2. Have you got an existing brand but it’s just not strong enough to make it to No.1 in the market? Talk to us about how we can guide you to build your brand recognition plan.
  3. Have you underestimated how difficult a startup brand really is? Or, perhaps you’re not dreaming big enough. We can help you with a branding strategy to ensure that you are properly positioned.
  4. Are you struggling with your brand story? Let us help you craft a compelling one in your brand’s own tone of voice.
  5. Does your brand identity need a boost? We can consult with you on everything from font to packaging design.
  6. Have you attempted a startup that missed its mark? We can help you revitalize and relaunch a product or service to get the result you’re looking for.

 

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[1] https://www.linkedin.com/today/author/1213
[2] http://www.inc.com/leigh-buchanan/us-entrepreneurship-reaches-record-highs.html
[3] https://hbr.org/2011/06/a-logo-is-not-a-brand/
[4] https://www.linkedin.com/in/davemcclure
[5] https://www.youtube.com/watch?v=6DlrqeWrczs
[6] https://techcrunch.com/2015/03/22/mentors-are-the-secret-weapons-of-successful-startups
[7] http://www.inc.com/cody-steve/yahoo-logo-redesign-marissa-mayer.html
[8] http://bit.ly/2aj9GDW

Rebrand or Refresh? That is the Question

A Rebranding Strategy Guide for Brand Owners and Managers

The business world is in a constant state of flux. Markets change, new trends emerge, disruptive competitors alter longstanding rules, and customer preferences evolve — all of which impacts your brand. Consequently brands are constantly evolving to ensure future growth and relevance. Even the longest standing and greatest brands in the world need rejuvenation, if not a total rebrand, in order to maintain their market leadership.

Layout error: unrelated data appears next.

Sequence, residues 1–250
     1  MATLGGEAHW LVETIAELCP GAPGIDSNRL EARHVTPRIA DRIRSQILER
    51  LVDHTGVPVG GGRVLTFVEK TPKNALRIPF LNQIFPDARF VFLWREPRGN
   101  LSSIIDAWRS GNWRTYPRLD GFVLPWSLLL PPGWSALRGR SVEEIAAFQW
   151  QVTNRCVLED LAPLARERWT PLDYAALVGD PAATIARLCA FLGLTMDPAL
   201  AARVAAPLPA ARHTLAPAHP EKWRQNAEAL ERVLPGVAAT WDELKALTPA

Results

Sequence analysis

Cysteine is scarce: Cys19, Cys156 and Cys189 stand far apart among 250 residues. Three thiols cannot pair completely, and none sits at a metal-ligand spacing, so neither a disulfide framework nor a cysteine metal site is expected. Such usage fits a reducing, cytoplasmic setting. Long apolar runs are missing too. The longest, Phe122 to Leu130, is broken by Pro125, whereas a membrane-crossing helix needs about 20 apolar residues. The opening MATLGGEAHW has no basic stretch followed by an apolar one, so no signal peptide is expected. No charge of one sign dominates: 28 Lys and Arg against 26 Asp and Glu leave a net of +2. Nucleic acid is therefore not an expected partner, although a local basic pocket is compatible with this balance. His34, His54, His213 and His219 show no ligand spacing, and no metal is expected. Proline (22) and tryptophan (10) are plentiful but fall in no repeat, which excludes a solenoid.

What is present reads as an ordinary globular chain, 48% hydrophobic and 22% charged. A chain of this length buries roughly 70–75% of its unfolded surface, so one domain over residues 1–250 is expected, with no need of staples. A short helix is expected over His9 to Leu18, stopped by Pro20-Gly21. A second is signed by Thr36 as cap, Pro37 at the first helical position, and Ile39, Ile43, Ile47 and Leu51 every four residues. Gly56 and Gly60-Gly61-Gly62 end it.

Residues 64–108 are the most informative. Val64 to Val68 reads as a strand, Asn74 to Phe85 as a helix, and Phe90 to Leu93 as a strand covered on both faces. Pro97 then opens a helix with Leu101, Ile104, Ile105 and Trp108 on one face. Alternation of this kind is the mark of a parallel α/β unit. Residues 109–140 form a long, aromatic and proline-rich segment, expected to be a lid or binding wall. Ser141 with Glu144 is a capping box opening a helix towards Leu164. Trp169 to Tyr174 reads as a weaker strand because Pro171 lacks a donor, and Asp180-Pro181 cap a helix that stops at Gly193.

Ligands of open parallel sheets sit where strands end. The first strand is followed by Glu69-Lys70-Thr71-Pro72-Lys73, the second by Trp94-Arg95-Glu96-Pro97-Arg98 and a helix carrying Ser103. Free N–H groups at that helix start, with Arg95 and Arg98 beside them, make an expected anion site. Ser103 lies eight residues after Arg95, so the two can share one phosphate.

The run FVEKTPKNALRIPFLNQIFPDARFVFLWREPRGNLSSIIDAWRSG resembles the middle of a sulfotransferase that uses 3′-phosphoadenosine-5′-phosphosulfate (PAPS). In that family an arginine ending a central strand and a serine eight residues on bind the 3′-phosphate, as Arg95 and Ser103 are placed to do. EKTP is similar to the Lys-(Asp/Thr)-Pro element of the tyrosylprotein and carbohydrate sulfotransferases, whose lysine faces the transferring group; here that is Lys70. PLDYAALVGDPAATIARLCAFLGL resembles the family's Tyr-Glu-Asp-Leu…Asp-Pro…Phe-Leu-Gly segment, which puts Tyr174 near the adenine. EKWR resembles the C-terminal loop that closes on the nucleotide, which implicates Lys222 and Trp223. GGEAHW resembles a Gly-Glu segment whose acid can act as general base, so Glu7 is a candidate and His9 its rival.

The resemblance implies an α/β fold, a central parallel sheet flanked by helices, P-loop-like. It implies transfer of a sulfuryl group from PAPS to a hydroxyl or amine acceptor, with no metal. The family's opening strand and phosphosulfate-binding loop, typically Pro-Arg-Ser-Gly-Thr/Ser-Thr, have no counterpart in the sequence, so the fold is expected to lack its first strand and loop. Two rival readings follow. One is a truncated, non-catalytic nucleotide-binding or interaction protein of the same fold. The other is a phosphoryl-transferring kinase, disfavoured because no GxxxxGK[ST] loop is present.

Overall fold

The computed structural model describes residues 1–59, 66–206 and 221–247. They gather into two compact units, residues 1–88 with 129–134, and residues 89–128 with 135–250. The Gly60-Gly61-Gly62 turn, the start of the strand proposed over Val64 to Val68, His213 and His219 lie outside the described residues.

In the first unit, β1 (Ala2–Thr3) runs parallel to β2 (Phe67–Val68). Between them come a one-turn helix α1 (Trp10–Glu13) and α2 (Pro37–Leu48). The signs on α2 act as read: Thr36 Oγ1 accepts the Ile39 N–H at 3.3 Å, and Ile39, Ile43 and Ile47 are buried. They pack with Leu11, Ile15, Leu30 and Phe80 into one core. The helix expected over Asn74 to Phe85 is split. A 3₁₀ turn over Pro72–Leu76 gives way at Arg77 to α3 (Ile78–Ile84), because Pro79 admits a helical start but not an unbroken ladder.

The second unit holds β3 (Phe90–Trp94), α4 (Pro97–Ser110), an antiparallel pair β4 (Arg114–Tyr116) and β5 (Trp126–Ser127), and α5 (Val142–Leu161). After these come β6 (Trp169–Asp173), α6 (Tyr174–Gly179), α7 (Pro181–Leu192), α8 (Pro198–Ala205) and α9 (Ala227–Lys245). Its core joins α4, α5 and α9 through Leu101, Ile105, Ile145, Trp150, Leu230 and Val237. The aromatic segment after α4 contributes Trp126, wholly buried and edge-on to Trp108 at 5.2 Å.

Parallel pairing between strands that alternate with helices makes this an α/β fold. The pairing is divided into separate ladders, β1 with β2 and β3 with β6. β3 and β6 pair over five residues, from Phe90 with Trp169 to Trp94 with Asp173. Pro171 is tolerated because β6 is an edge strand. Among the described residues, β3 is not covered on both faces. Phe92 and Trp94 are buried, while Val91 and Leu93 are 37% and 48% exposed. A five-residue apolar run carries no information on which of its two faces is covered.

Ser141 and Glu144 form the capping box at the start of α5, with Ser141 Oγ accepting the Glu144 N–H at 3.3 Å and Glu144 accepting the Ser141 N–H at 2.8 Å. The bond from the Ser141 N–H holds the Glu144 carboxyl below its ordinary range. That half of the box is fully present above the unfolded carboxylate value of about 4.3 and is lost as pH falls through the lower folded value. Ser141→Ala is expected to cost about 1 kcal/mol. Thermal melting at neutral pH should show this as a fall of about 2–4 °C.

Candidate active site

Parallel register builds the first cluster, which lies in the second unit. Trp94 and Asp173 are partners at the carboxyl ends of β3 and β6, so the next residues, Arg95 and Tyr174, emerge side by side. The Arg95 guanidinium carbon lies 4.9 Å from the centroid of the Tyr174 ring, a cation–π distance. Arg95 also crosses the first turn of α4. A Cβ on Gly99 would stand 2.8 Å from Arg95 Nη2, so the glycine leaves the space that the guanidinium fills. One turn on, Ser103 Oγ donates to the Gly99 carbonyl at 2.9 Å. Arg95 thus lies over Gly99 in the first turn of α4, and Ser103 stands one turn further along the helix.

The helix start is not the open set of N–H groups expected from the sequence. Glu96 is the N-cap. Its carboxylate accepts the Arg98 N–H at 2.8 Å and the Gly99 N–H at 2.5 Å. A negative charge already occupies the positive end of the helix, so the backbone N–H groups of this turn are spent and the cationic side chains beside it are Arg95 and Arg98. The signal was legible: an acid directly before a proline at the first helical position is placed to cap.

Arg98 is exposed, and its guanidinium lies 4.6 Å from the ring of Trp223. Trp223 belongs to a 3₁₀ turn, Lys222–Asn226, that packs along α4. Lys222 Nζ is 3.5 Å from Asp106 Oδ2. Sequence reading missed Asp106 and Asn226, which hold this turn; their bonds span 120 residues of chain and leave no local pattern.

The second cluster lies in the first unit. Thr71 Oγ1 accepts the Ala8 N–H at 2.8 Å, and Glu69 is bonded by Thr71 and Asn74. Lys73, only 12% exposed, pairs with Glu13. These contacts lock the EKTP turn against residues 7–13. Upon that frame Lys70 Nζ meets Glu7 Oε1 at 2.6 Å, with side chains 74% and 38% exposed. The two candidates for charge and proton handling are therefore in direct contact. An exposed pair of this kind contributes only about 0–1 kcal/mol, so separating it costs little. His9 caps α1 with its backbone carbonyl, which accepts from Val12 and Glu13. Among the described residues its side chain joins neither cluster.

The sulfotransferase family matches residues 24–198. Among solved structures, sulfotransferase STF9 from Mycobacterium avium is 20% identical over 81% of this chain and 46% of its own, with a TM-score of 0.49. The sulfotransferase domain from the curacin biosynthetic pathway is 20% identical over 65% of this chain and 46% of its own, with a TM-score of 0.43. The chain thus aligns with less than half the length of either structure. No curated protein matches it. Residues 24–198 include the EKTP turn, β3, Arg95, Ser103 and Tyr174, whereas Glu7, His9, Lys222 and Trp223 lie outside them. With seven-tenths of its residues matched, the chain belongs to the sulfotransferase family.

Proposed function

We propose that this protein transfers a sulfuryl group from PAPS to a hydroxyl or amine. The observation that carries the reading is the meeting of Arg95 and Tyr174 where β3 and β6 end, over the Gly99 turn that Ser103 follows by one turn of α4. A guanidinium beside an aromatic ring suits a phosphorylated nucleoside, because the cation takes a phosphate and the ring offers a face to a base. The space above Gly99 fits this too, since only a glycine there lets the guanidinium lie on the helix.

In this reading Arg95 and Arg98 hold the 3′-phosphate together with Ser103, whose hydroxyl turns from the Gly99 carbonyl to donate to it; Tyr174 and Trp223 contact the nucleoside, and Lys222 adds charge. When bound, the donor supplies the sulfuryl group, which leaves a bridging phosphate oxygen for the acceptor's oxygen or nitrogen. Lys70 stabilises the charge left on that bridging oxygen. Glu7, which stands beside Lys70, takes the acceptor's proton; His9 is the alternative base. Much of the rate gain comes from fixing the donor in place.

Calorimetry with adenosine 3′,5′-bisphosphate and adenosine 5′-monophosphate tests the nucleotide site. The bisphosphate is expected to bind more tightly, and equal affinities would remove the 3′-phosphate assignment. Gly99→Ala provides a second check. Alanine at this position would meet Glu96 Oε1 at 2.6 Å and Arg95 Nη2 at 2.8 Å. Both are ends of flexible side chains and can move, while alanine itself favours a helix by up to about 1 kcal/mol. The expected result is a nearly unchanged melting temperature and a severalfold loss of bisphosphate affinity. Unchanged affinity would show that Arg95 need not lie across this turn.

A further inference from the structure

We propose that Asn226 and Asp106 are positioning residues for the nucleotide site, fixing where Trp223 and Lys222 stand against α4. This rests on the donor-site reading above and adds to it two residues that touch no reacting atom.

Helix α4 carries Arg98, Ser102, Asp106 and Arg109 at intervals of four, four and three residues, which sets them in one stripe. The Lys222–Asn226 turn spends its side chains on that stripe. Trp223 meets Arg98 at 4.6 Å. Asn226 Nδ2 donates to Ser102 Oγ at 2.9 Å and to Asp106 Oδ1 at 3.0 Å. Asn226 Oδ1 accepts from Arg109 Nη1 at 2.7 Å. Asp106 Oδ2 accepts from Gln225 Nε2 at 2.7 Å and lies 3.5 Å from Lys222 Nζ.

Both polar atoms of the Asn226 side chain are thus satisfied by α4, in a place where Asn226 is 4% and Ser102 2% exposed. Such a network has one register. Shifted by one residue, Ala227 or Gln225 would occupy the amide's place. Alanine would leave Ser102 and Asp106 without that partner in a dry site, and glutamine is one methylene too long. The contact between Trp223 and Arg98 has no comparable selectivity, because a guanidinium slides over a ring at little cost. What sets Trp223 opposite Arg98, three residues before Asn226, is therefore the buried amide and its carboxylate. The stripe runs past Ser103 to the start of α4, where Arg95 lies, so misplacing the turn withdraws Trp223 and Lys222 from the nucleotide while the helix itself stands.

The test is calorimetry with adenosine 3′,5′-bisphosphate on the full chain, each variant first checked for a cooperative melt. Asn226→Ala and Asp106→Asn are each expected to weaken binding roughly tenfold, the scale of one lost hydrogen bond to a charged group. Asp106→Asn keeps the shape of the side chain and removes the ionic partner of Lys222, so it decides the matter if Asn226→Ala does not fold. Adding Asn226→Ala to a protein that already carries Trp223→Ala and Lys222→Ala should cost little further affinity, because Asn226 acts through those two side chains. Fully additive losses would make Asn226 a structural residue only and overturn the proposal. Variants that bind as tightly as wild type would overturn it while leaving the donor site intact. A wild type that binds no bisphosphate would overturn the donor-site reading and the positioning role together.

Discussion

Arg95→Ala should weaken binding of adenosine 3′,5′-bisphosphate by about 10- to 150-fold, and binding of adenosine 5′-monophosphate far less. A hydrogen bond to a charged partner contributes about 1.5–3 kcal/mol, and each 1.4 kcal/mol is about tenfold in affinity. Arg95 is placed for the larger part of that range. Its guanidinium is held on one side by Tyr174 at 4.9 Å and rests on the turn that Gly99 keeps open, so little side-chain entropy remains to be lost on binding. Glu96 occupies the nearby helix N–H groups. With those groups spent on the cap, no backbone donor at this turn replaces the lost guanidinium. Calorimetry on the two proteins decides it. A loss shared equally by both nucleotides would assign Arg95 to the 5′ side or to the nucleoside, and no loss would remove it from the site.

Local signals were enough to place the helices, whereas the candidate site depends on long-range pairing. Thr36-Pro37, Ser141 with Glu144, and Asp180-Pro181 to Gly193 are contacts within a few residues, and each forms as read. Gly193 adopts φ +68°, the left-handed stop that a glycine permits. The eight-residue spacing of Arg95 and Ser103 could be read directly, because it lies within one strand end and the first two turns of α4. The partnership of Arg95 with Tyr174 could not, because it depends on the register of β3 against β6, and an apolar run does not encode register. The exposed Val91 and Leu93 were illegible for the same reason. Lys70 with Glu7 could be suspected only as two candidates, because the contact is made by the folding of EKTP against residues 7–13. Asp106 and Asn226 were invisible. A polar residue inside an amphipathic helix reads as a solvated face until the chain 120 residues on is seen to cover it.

Like the foundation upon which a house is built, a strong brand is essential, indeed it is the lifeblood for any successful organisation. When cracks appear in that foundation, a wise owner or manager must take action to repair, introduce procedures to prevent deterioration and take steps to strengthen the brand for future growth. Experts say that organisations and brands change their corporate identities on an average of once every 7-10 years. [1]

 

On a regular basis, diligent brand owners and managers need to take a step away from an organization’s day-to-day operations to examine and re-evaluate their position and strength in the market. If your brand isn’t achieving its objectives or driving business growth, there’s little time to be lost wondering what to do about it. Its time to give your brand a health check. Frequently asked questions about the two brand revitalisation routes include: